Tuesday, June 26, 2007

bitch session

For the time being, I am stuck in Taji, which is about 20 miles NW of Baghdad. Compared to the IZ, Taji has much more open space and is more country-ish, albeit a brown, junkyard country. I say I am stuck here for the time being because we all know that in the military, jobs can change at the drop of a hat. SO I hold out hope that my job will change . . .

It's not that I hate my job; I just don't like it. There are some people here who make it a little worse - One person has a tendency to try and belittle people and their rank, which makes us ineffective and pissed off. Especially me, because I am the type of person who likes to be proactive and make decisions. I guess I have to be careful because this blog is a public forum and anyone can read it, but in actuality I don't care so much. It's not like my Army career will be ruined - that happened 2 and half years ago when I tried to quit. (insert laughter here). I didn’t actually quit - that's just the running joke amongst us IRR call-ups. In reality, I ended my service career over 2 years ago on a good note after four years in the 10th, a period of time I am very proud of. Don’t get me wrong, I am proud of what I'm doing now, it's just . . .different. The camaraderie we had in the 10th just isn’t there, although, we are starting to develop some . . .

So what is it that we do? In short, we advise the Iraqi Soldiers and officers at the National Supply Depot. There are over 100 large warehouses that store everything from vehicles to weapons to uniforms and body armor. I should use the term store very loosely; I would do more justice by describing these supplies as thrown into the warehouses. When I was a kid we used to have the dreaded "playroom closet". It was where we would chuck all of our toys, games, sports equipment, and sometimes clothes when we "cleaned up" our room and playroom. It was dreaded because cleaning this closet was a thing of nightmares for me and my sister. Well, Mom, I am getting paid back for this closet now - I have over 100 "playroom closets" here in Iraq and now I am the one trying to do the convincing to clean it up!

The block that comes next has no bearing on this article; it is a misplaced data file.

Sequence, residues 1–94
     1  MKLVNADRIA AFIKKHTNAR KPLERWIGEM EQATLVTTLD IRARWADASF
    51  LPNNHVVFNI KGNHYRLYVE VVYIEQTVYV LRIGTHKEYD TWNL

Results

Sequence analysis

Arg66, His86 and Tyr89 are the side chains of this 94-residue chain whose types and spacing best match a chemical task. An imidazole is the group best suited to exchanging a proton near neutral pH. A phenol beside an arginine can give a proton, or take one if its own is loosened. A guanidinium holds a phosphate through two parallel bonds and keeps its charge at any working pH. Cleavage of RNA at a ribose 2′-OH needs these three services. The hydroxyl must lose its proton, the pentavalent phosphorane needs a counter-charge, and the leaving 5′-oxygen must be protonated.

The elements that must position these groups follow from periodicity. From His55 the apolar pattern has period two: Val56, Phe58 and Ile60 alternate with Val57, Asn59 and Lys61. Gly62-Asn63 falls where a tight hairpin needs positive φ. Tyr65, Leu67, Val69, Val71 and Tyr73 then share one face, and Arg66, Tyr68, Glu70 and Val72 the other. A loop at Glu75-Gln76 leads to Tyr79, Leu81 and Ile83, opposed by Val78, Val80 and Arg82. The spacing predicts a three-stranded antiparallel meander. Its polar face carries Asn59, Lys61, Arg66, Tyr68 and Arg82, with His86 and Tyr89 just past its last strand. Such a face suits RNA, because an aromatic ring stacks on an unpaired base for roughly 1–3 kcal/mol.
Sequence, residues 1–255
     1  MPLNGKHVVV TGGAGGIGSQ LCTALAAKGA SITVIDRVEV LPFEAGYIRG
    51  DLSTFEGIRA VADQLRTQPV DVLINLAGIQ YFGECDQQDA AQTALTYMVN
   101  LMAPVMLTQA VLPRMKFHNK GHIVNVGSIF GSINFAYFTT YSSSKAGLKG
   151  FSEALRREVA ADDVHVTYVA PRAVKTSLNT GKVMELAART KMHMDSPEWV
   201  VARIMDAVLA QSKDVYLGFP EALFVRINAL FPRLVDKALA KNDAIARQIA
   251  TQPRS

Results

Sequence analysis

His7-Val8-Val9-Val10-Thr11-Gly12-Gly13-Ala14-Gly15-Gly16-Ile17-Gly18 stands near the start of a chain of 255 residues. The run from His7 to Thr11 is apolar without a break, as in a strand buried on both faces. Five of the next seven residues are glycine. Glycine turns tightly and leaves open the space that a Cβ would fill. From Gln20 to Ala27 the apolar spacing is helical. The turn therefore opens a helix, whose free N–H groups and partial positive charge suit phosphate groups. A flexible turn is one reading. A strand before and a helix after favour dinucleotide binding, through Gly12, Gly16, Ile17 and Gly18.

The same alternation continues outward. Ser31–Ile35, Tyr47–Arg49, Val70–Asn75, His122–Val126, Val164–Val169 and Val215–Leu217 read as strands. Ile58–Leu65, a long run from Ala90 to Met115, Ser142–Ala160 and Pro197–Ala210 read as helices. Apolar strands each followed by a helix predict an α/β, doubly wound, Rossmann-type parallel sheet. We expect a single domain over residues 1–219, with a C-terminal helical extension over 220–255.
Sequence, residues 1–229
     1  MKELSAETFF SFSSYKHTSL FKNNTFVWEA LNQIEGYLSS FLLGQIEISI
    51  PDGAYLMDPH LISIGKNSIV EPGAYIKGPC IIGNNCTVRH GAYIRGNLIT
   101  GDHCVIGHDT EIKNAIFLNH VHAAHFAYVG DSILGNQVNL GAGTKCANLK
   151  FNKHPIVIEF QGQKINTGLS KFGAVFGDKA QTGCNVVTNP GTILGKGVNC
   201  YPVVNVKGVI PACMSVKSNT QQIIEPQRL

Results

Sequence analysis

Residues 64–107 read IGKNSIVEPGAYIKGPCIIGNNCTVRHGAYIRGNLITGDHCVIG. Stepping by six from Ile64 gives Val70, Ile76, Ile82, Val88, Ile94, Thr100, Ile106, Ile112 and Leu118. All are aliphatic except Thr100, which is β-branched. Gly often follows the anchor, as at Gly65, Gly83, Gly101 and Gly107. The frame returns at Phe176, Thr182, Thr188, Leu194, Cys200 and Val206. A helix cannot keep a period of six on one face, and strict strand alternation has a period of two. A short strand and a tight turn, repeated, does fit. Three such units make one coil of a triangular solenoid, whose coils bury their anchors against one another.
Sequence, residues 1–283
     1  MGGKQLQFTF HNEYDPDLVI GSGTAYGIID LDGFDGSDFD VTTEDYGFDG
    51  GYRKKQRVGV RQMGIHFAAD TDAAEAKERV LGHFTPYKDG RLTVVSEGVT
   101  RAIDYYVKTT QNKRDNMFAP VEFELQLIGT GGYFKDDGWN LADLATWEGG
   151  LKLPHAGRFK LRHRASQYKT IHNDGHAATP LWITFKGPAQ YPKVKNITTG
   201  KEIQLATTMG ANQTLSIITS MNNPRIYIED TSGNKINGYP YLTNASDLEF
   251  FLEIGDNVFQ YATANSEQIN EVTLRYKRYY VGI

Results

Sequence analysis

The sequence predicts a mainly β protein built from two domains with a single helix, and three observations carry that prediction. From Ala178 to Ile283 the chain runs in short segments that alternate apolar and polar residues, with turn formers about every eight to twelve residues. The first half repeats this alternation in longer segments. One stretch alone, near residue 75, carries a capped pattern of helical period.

It is a tough job. The Iraqi's are pretty set in their ways, and often don’t see a need to change anything. During the summer, they take lunch from 11:30am - 3:30pm, and are typically done by 6pm. This bothers the crap out of me. I've done combat logistics in Afghanistan, and my motto then was always that we support the customer 1st, worry about ourselves last. I think some of these guys have an opposite mentality, and I find myself getting heated trying to explain that combat units face enough resistance on a daily basis, they don’t need to come here to get re-supplied and face it from their own people! I think, though, that I am starting to get that message across. It might really sink in when I start requiring my advisees to roll out on a few missions with me and the combat units, just so they can see what these guys face and change their perspective a bit. That will be an uphill battle, though, but one that I think will pay off in the long run.

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